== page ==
President Ferdinand Marcos' proclamation ending eight years of martial law today does little to reduce the ruling powers of the authoritarian president, but diplomatic observers here are cautiously optimistic that it will provide an opportunity for new testing of personal and political freedoms.

Shortly after lifting martial law, Marcos freed 341 prisoners, including 159 held on national security charges, United Press International reported. The remaining 182 prisoners were held on common criminal charges.

[Marcos released the prisoners as part of his pledge to abolish 30 military tribunals set up to enforce martial law. The tribunals will be disbanded after deciding the pending cases of 1,500 civilians, he said.]

Marcos, who has been in power since 1965, signed the proclamation at the president's palace today in a ceremonial setting witnessed by ambassadors, the Cabinet and community leaders.

Since many of the stringent laws and decrees of the martial law period remain in effect, many analysts and critics of Marcos' rule say that the chief intent of the lifting of martial law appears to be to improve the Philippines' image abroad. Marcos is preparing to begin relations with a new U.S. administration and to receive Pope John Paul II on a long-awaited visit.

In a speech today, Marcos defended his decision to use the Army to impose martial law in September 1972 to prevent the nation from sliding into chaos and anarchy.

"The martial necessity has passed," Marcos said. "It has served well the purpose of a once-beleaguered people. It cannot go on, for a people must mature and must grow from outer discipline to inner discipline."

Nonetheless Marcos made clear that many provisions associated with martial law will remain. For example, habeas corpus remains suspended in crimes against security, strikes in vital industries are still banned, the military retains the right of arrest in rebel-wracked Mindanao in the south and it will not be removed from its public role and returned to the barracks.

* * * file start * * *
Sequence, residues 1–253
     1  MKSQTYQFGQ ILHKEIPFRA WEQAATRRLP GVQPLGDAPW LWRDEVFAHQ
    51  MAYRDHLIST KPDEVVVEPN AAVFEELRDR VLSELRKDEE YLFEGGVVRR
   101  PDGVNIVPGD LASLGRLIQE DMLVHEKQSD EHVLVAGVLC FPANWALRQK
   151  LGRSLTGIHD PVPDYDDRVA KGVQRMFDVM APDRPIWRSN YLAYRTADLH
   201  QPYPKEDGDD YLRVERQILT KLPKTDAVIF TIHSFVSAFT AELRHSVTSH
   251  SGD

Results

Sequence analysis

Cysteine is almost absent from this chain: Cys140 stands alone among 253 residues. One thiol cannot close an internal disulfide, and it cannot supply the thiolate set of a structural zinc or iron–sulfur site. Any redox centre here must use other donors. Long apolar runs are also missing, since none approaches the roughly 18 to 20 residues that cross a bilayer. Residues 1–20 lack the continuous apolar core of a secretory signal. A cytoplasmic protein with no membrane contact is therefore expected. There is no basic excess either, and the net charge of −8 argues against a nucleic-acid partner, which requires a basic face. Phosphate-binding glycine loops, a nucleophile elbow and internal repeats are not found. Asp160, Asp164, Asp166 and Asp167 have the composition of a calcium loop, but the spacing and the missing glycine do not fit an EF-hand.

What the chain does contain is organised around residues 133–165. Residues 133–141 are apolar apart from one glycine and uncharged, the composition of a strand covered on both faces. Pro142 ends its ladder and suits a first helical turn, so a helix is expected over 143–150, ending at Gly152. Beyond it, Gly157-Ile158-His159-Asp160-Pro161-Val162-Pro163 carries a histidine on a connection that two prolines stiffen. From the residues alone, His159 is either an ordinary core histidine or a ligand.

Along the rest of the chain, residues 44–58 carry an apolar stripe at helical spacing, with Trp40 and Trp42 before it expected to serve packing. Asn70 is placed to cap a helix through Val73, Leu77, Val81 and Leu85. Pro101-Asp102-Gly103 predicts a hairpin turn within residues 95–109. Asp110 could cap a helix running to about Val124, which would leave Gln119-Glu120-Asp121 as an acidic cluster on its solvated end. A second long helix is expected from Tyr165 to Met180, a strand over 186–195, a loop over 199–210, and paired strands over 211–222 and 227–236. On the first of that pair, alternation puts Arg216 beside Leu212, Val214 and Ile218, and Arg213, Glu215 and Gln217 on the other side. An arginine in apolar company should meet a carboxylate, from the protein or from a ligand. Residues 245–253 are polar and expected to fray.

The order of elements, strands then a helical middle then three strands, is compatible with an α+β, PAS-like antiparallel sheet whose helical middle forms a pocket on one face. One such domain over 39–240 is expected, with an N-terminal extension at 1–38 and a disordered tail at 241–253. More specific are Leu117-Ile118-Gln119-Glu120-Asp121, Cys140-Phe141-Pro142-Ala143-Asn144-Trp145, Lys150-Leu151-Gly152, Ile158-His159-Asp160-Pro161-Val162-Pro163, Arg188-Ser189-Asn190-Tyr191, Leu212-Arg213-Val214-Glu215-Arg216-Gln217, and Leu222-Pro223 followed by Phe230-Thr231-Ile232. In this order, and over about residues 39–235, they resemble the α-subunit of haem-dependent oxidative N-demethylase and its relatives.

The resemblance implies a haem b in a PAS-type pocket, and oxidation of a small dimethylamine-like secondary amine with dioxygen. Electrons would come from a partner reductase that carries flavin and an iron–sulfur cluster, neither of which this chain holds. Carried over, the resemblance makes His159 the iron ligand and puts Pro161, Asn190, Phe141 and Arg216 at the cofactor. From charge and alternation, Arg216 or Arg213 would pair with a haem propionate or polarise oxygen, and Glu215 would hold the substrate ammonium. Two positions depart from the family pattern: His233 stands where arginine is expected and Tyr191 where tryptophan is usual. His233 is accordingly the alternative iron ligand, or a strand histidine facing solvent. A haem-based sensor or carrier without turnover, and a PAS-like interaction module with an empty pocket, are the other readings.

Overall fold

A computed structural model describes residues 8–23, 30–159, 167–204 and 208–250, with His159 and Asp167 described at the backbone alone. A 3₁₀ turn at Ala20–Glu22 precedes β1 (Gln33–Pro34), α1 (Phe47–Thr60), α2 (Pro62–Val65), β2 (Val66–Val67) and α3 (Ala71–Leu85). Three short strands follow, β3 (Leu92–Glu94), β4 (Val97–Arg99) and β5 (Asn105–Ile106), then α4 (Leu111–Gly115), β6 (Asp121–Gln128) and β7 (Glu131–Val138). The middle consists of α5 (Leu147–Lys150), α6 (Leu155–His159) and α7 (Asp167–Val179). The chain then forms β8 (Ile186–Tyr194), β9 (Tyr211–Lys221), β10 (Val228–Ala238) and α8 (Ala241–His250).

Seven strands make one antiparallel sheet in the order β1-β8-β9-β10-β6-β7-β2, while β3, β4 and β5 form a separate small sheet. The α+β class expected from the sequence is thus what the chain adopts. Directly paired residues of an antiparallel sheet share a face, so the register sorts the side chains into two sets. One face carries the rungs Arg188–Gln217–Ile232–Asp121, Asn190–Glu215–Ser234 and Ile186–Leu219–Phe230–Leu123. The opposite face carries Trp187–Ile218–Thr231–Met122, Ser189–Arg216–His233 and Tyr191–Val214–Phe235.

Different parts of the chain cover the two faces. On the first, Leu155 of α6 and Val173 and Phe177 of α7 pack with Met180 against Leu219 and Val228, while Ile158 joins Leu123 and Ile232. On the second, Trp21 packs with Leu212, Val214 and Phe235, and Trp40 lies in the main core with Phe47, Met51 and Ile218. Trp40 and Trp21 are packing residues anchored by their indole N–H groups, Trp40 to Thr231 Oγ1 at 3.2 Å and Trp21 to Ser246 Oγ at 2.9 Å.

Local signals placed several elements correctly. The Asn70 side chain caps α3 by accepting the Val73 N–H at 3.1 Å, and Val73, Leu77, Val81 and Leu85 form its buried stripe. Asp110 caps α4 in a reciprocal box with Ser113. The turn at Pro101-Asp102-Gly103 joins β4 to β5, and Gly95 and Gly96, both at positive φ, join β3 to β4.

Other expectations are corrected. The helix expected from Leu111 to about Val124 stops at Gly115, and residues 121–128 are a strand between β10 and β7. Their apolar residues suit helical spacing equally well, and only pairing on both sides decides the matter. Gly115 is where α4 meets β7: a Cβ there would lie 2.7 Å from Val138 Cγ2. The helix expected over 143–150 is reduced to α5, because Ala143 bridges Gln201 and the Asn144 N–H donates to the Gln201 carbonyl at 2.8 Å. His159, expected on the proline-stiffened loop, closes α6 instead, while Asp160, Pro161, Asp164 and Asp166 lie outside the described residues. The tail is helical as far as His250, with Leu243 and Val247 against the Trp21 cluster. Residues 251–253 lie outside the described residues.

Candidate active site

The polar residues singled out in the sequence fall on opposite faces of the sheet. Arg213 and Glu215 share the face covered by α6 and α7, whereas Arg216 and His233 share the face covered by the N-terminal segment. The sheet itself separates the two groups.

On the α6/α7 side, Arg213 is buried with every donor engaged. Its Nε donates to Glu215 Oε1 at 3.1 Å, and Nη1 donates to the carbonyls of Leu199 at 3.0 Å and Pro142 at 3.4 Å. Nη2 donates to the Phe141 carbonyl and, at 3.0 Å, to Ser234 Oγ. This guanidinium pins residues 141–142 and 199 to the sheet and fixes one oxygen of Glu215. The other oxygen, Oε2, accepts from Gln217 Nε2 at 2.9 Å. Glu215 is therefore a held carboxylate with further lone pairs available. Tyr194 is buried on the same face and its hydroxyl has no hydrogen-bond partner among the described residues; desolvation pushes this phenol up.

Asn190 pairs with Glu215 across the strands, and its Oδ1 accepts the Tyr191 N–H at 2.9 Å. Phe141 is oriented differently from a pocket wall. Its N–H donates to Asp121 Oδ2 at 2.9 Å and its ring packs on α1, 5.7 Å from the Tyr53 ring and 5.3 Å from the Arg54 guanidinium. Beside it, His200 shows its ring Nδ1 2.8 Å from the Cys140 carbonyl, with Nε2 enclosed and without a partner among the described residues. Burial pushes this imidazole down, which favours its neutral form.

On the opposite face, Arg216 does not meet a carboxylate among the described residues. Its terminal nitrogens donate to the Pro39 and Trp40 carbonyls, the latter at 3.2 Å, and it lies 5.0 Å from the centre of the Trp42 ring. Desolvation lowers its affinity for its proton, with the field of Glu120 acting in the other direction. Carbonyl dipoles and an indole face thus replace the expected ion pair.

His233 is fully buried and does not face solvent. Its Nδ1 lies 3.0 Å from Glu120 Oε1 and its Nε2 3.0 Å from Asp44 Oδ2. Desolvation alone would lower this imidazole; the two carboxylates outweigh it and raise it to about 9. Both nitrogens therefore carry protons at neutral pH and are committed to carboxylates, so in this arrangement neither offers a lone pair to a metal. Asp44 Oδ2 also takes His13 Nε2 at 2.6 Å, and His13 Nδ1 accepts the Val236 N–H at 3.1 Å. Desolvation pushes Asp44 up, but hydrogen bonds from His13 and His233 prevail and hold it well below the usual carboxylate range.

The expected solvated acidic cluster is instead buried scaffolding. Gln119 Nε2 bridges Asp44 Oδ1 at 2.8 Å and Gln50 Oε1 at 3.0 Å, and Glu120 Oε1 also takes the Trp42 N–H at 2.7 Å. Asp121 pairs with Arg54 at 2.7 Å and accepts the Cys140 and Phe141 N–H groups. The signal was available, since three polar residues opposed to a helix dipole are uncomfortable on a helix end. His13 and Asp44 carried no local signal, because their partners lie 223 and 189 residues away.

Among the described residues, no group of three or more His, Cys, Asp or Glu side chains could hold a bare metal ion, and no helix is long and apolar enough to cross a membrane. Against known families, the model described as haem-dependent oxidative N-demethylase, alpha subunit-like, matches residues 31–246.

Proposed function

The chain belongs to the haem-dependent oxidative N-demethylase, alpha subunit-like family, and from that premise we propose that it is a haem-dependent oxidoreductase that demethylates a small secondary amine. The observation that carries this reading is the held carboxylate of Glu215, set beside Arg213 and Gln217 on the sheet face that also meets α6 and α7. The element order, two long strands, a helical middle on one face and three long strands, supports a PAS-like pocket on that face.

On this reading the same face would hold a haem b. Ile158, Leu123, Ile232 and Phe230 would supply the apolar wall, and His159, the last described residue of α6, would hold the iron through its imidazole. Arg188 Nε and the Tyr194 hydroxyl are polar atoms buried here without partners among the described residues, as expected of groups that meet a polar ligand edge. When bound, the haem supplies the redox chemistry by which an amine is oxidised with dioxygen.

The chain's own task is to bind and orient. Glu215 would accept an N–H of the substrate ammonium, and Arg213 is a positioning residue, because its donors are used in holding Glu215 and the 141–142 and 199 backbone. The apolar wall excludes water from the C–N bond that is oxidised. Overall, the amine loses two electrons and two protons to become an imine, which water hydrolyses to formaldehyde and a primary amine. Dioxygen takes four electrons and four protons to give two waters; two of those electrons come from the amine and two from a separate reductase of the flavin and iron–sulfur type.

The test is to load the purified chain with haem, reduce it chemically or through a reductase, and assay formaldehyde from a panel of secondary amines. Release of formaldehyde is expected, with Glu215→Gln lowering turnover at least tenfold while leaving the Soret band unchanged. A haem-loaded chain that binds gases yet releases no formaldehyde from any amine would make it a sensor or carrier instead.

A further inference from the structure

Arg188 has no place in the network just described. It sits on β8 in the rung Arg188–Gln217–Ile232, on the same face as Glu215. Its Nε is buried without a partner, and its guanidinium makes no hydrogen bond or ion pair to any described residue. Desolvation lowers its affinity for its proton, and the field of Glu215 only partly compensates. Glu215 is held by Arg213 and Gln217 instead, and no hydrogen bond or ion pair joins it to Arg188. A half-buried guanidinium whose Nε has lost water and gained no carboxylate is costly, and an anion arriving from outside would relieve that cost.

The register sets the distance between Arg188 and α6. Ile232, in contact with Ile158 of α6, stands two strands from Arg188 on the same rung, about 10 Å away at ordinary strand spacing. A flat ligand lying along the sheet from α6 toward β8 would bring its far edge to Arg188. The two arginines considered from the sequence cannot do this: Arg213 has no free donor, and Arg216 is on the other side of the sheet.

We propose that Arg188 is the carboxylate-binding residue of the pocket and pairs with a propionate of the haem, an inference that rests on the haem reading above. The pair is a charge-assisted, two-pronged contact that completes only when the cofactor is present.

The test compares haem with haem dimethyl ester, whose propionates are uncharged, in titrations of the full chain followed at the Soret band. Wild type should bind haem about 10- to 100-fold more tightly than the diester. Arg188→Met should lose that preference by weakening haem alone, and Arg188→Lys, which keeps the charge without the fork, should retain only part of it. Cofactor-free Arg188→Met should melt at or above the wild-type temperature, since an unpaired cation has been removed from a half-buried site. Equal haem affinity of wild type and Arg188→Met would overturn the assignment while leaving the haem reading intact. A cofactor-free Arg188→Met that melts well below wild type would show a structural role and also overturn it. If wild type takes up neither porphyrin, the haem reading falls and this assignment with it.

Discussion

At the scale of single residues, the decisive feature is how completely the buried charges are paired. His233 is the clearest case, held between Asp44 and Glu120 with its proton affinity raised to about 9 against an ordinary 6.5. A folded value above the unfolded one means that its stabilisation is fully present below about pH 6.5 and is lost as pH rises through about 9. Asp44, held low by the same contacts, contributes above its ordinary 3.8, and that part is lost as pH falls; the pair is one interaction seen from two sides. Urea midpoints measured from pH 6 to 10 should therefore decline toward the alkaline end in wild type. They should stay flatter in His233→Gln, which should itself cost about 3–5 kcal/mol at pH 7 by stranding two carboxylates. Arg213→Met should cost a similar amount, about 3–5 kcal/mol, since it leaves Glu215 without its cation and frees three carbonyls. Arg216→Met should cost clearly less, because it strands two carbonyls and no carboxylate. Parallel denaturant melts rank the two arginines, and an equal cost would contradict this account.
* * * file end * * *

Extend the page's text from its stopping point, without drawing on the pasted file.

Marcos had already revised the constitution to give himself absolute powers in the post-martial law period and immunity from suits during his tenure.

His action today, observers predict, will serve initially to remove the unsavory tag of martial law -- which had exposed Marcos to severe criticism among liberals at home and abroad -- but not the vestiges of his vast powers consolidated during the emergency years.

Marcos is seen to want to impress the United States, the Philippines' major ally. Washington has been concerned that increased polarization might lead to a breakdown in Philippine society, as has happened to other U.S. allies in recent years.

For Marcos, this might be an opportune time to start developing a better relationship with the Reagan administration. Ties with Jimmy Carter had soured on the issue of human rights.

Observers also think Marcos is anxious to present a picture of normalization before Pope John Paul II arrives for a visit to Asia's only heavily Roman Catholic country on Feb. 17. The Catholic hierarchy in the Philippines frequently has expressed concern about Marcos' human rights practices.

The United Democratic Opposition, a grouping of opposition political factions, called the end of martial law "a paper lifting." Two days ago they asked Marcos to resign and to set up a caretaker government to oversee the transition to democratic elections.

[The opposition Movement for a Free Philippines, in a statement released in Washington, accused Marcos of "cruel deception" for lifting martial law "without dismantling the institutions of dictatorship." It called for an end to "all repressive measures."]

Diplomatic observers see the abolition of military courts as the most visible sign of relaxation. The government-controlled television and newspapers have begun featuring opposition activities, a development also considered significant.

U.S. diplomats here view the lifting of martial law, even if it is only a limited move, as a first step in a long and delicate process. U,S. Ambassador Richard Murphy today called it "an important step in the right direction."